The Year of Living Biblically: One Man’s Humble Quest to Follow the Bible as Literally as Possible
I heard about this book a couple of years before I got around to purchasing and reading it. I know a lot of people who claim to take the Bible literally and who claim to live their life as closely to the guidelines set out therein. Well, the author did just that and his results are wildly different than the people I know.
While trying to follow the Bible as literally as possible, A.J. Jacobs discovers contradictions, some explicit, others springing from differences in translation and interpretation. He has difficulties incorporating the realities of modern life (like having to carry a chair with him so he doesn’t accidentally sit in a seat a menstruating woman has been in; it’s unclean) and it is only due to the eternal patience of his wife that he is able to live within some of these restrictions (although she draws the line at a rule that states he can’t touch her at ALL for weeks after her c-section delivering their twins; spoiler: he suspends his “quest” for about a month after their birth).
The challenge the author undertakes in this book is something I, myself, would NEVER attempt, but I did find his account illuminating. Like him, I think a lot of people seek to live the best lives they can by following tenets set out in the good book, but being human, fail to varying degrees. Jacobs’s quest did lead him to being a kinder, more thoughtful person, so even as a self-described agnostic, by the end of his journey, he felt it was worthwhile.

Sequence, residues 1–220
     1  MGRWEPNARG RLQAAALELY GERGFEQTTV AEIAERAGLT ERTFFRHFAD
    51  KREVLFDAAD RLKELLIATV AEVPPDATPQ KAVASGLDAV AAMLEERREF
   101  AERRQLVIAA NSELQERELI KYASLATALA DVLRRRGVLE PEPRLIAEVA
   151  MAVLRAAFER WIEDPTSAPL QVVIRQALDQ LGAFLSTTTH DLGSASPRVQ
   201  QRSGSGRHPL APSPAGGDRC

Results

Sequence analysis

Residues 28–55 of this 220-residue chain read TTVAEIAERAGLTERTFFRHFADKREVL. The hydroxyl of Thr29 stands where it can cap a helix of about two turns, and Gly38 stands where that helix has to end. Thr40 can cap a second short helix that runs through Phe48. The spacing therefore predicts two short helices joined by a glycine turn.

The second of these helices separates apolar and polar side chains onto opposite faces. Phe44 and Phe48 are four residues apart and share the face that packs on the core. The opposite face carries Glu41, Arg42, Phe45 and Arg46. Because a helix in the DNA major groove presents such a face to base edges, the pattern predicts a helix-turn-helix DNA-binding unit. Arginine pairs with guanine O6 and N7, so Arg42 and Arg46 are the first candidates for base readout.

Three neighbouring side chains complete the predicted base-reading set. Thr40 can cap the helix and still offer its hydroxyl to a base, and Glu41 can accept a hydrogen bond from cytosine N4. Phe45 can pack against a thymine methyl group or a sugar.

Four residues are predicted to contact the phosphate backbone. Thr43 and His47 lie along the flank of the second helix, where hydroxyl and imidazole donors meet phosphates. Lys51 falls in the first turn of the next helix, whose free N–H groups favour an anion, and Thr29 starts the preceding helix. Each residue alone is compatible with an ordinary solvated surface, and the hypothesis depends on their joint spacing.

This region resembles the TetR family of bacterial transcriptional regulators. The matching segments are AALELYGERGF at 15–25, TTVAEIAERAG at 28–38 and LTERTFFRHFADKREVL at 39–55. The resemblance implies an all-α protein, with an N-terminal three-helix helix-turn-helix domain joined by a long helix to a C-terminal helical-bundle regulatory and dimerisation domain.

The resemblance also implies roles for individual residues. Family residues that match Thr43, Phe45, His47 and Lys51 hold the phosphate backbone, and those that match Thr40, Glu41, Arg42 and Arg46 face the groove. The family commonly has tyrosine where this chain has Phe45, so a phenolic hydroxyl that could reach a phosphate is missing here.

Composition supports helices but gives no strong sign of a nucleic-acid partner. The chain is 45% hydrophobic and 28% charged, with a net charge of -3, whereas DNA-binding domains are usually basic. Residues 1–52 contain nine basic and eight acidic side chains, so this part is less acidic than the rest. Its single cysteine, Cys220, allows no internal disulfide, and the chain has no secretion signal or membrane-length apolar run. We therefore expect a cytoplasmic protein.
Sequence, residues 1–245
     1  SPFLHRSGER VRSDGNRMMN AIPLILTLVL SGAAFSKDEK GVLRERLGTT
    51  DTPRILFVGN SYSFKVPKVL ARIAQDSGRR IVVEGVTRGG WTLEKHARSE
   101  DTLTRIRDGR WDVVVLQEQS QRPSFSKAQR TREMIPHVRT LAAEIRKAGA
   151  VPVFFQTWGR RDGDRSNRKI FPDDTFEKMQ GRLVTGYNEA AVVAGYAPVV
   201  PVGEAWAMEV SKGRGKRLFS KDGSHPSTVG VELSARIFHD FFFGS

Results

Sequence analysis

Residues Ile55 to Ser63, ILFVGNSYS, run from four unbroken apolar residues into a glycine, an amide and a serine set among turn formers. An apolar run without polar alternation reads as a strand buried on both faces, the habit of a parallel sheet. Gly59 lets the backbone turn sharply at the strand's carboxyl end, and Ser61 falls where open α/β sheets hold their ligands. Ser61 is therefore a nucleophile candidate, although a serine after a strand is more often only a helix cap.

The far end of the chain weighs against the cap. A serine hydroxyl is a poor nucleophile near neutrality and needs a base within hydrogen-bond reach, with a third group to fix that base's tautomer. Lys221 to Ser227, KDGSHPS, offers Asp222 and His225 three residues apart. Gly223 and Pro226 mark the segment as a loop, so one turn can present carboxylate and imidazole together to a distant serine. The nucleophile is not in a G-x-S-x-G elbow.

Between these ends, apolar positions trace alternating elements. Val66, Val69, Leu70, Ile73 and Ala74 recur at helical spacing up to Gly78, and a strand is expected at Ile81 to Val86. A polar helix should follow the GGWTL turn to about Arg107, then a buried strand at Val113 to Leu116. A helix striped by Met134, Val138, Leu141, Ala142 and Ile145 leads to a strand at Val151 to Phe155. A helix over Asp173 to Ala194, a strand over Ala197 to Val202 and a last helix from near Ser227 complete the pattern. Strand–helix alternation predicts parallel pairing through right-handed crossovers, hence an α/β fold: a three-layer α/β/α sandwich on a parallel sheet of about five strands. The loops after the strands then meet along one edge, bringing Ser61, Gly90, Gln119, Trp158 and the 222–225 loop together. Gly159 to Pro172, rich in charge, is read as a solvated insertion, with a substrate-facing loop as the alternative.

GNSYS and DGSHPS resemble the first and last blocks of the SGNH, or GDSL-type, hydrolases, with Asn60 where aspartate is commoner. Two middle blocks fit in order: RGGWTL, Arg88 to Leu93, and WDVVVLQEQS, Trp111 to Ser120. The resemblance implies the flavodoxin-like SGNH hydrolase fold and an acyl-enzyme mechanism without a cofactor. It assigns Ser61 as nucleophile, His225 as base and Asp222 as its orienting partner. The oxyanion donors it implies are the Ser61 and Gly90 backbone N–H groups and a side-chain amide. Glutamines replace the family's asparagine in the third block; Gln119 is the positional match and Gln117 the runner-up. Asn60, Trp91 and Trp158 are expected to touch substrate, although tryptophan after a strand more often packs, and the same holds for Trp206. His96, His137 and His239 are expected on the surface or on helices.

I don’t want to go too in depth about my views on religious; my personal beliefs aren’t relevant to this review. It’s a well-written, engaging, funny account that answers a lot of questions I had about how would one have to live if they really took the Bible as literally as they said they do. His conclusion confirmed what I suspected: it’s impossible to follow ALL the rules literally and EVERYONE cherry picks.
But don’t take it from me. Read this and be yourself, enlightened. It’s not going to make you a true believer (it certainly didn’t affect my beliefs in any way), but it might increase your understanding.